China cuts 2014 GDP growth: govt

Sep 07, 2015 12:00 AM

China on Monday lowered its GDP growth figure for last year by ten basis points to 7.3 percent, authorities said, as concerns mount over slowing expansion in the world's second-largest economy.

The National Bureau of Statistics said on its website it lowered the figure from the 7.4 percent announced in January after a "preliminary confirmation". A final confirmation could come in January, it added.

The new figure remains the lowest since 1990, when growth plummeted to 3.9 percent.

Global stock markets have been pummelled by concerns over slowing growth in China, a key driver of the world economy.

After decades of double-digit expansion authorities are trying to pull off a tricky rebalancing from an investment- and export-led economic model to one where domestic consumer demand drives slower but more sustainable growth.

But Nomura International analyst Wendy Chen told: ''The GDP correction for last year mainly came from the service sectors, which had lower growth than earlier figures showed."

Services growth was key to overall transition, "so this means China's economic structure did not improve as well as expected", she added.

Chinese growth slowed in the first two quarters of this year, reaching 7.0 percent in both periods.

Data showing an official gauge of Chinese manufacturing at a three-year low sent world markets into a tailspin last week, as investors gave vent to worries the economy is headed for a "hard landing".

But Shanghai ended the morning session in positive territory on Monday, with the index up 0.87 percent, or 27.65 points, at 3,187.82, although it trimmed earlier gains following the GDP announcement.

"The GDP figure correction for last year has little impact on the market," Shenwan Hongyuan Group analyst Qian Qimin told AFP.

"It was the figure for last year and everyone knows the economy is not good anyway. The market is still fluctuating, but small company stocks are rallying after heavy losses earlier."

'Risks and bubbles'

Chinese stocks soared more than 150 percent in the year to mid-June in a spectacular debt-fuelled rally encouraged by authorities, but have since plummeted nearly 40 percent in the country's worst market rout in almost two decades.

Official interventions costing hundreds of billions of dollars failed to stop the declines.

The central bank governor and market regulator admitted at the weekend that there had been "bubbles" on the exchanges, but said the turmoil was almost over.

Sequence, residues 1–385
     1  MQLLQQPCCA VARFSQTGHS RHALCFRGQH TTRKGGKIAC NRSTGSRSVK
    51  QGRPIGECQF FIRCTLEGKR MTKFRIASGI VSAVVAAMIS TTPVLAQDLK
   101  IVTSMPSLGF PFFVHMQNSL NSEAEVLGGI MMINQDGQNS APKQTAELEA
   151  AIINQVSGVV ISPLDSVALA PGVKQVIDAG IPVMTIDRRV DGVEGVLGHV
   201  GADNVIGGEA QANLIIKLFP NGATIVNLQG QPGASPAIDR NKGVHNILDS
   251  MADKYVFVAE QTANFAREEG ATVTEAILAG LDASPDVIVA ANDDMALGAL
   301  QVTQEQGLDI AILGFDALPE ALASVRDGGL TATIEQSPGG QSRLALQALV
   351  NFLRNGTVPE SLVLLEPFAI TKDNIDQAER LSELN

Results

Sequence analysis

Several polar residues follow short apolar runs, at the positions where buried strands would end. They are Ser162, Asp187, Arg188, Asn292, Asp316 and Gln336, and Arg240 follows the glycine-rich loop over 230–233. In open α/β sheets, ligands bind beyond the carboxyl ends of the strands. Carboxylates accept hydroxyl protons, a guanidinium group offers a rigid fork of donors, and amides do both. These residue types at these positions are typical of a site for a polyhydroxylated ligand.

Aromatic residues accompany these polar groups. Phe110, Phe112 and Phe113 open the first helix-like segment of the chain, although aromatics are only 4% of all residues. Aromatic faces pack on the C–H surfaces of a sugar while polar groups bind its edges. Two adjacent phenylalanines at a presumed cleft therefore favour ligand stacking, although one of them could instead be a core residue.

"Bubbles continued to build up until mid-June," People's Bank of China (PBoC) Governor Zhou Xiaochuan told a G20 meeting of finance ministers and central bank governors in Ankara, according to a statement on the PBoC website.

"The correction in the stock market has now come close to an end," Zhou said, refraining from using the word "burst" and adding the Chinese economy was not "much affected" by the rout.

The market regulator, the China Securities Regulatory Commission (CSRC), echoed Zhou's comments.

"Gains on the stock market had been too rapid and large, forming stock market bubbles, therefore subsequent plunges and adjustments were inevitable," it said in a statement.

"At present, market risks and bubbles have been released to some extent," it added.

Analysts estimate the Chinese government has spent hundreds of billions of dollars to prop up stock prices, including funding state-backed China Securities Finance Corp. (CSF) to buy shares.

Investors worry that it will cut back its interventions -- even though they have raised questions over its ability to manage the economy and its commitment to reforms.

The CSRC sought to reassure traders, saying: "When fierce and abnormal volatilities take place in the stock market and may trigger systemic risks, the government will absolutely not sit back.

"We will take decisive and multiple measures to stabilise the market in a timely manner," it said, adding the CSF will "continue to play a stabilising role".

China last month reduced interest rates for the fifth time since November and cut the amount of money banks must hold in reserve to try to bolster its economy and restore market confidence.

Investors have also been alarmed by authorities' surprise lowering of the yuan currency's central rate against the US dollar by nearly five percent in a single week last month.

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